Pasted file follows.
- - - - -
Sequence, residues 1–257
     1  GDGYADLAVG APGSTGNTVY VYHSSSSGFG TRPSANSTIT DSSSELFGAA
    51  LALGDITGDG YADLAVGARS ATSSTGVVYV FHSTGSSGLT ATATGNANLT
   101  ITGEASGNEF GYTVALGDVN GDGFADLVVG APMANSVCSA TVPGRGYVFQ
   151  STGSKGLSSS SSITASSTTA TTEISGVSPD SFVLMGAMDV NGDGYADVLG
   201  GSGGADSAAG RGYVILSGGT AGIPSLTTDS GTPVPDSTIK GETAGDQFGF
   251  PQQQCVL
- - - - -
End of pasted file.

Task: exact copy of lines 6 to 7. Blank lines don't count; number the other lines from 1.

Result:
   201  GSGGADSAAG RGYVILSGGT AGIPSLTTDS GTPVPDSTIK GETAGDQFGF
   251  PQQQCVL